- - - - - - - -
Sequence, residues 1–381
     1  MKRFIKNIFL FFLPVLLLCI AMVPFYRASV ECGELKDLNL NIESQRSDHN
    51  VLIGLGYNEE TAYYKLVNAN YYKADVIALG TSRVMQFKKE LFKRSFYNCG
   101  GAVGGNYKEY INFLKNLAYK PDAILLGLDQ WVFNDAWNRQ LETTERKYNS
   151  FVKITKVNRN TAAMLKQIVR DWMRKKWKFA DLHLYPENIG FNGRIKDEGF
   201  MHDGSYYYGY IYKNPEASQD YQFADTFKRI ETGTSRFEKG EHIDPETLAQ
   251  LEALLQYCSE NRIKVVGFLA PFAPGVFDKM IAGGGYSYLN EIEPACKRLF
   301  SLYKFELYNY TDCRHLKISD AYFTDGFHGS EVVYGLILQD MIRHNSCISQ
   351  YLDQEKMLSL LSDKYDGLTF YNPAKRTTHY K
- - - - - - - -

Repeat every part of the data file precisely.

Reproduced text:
Sequence, residues 1–381
     1  MKRFIKNIFL FFLPVLLLCI AMVPFYRASV ECGELKDLNL NIESQRSDHN
    51  VLIGLGYNEE TAYYKLVNAN YYKADVIALG TSRVMQFKKE LFKRSFYNCG
   101  GAVGGNYKEY INFLKNLAYK PDAILLGLDQ WVFNDAWNRQ LETTERKYNS
   151  FVKITKVNRN TAAMLKQIVR DWMRKKWKFA DLHLYPENIG FNGRIKDEGF
   201  MHDGSYYYGY IYKNPEASQD YQFADTFKRI ETGTSRFEKG EHIDPETLAQ
   251  LEALLQYCSE NRIKVVGFLA PFAPGVFDKM IAGGGYSYLN EIEPACKRLF
   301  SLYKFELYNY TDCRHLKISD AYFTDGFHGS EVVYGLILQD MIRHNSCISQ
   351  YLDQEKMLSL LSDKYDGLTF YNPAKRTTHY K